RADAR: An Approach for the Detection of Antipatternsin UML Class Diagrams

University essay from Göteborgs universitet/Institutionen för data- och informationsteknik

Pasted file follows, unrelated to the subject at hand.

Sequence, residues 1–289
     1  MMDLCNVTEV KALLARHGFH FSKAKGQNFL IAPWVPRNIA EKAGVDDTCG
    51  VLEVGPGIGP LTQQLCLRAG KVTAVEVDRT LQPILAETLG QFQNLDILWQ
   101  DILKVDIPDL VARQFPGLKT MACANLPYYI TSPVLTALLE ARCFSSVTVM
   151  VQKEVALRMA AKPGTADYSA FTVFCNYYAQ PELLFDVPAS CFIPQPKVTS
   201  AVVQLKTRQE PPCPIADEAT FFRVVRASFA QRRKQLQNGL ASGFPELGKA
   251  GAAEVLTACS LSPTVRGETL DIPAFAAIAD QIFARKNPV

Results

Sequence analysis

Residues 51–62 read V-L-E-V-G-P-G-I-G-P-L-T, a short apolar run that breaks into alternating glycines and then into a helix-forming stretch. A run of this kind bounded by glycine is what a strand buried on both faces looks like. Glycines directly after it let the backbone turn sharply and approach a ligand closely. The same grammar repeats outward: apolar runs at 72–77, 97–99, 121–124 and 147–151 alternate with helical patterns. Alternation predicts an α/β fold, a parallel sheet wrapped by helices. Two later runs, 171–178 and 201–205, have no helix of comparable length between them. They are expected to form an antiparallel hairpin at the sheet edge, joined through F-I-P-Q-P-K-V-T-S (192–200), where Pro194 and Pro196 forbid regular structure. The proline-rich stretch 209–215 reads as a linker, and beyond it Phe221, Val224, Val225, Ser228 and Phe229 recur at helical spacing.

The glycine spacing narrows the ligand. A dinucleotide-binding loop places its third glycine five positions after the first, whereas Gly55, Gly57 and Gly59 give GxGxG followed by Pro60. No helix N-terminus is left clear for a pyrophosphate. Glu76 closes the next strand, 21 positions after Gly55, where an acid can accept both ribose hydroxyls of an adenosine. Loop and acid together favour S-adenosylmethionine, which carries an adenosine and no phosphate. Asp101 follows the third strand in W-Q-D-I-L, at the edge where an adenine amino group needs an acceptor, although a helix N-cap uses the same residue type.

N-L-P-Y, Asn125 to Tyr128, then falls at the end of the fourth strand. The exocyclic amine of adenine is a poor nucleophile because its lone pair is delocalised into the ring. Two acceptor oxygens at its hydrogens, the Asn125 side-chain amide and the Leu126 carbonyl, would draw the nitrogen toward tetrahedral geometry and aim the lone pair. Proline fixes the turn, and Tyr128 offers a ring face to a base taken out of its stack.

Abstract: Anti-patterns in UML designs, alias bad design choices that areclaimed as due to the incompetent participation of the designer to Object-Oriented (OO)system could lead to later issues regarding to its maintenance. That is why the earlycaptureof those is a common desirability and emphasized as it would be a highlyimportant action for the prevention of issues. However, the discovery of anti-patterns isa difficult procedure in case of working with a large scale and complex OO system.There are existing metric based solutions in which the detection of anti-patterns isautomatized, however, none of those operates on UML class diagrams. In this paper, weintroduce our approach called RADAR, which is a solution to detect inter alia, ComplexClass, Large Class, Lazy Class, and ManyFieldAttributesButNotComplex (MFABNC) inUML class diagrams and returns warnings of the results. Essentially, RADAR uses acombination of some existing software design (SD) metrics and rules of the anti-patterns,moreover provides a flexible algorithmic procedure. Since each class diagrams arestructured uniquely, meaning that those consists of a different number of classes; whereeach classes are variedly sized; and sometimes the classes are purposely implementslarge number of attributes and operations, thereby causing hasty judgements in thedetection procedure due to the characteristics of some anti-patterns, which can bedetected specifically by the large number of attributes and operations of a class.Therefore, we are providing a supplementation for the detection algorithms to comparethe size of each classes inside the diagrams with the calculations of quartiles andaverage. The purpose of this approach is not only the detection of anti-patterns, but themeasurement of significance. The computations are used to analyze each classes in aclass diagram, where the resulted values will be unique for every diagrams. Taking theseuniquenesses into the detection rules, we enabled a more accurate decision-making forour algorithms in RADAR, such as the measurement of significance whether thesuspected element is still considerable as an anti-pattern after the comparisons madeagainst to the other classes. Hence, as the name of our approach indicates, RADAR“sees” the size of the suspects, but only “warns” in case of necessity. This research wascarried out by the application of design research methodology with the induction ofstatistical analysis made on the test results compared to Ptidej tool suite v5.8.1. The testwas performed on the same test materials and anti-pattern types, whereas themeasurement- regarding to the test coverage from the aspect of what percentage can ourRADAR approach locate from those classes per anti-pattern categories that Ptidej doesresultedto the average of 26% accuracy for RADAR in the detection of Complex Class,and 61% for the detection of Lazy Class symptoms. Unfortunately, this measurementcould not be made for Large Class and MFABNC anti-patterns based on the reason thatPtidej tool could not detect those. We claimed this problem as due to code generationprocedure by the software we used regarding to the arbitrarily generated lines of code(LOC), which is if is long, is actually one of the main symptom of the latter mentionedtwo anti-patterns. To compensate the deficiencies of the measurement regarding to thedetection accuracy of the four anti-patterns, we requested a review for RADAR fromvarious people in the person of PhD students. Based on their feedback, the accuracy ofRADAR in the detection of Large Class is between the averages of 38%-75%, and 55%-80% for MFABNC. Regarding to the average accuracy of the other two anti-patterns,the detection of Complex Class is determined as between 68%-70%, and 80%-99% forLazy Class.

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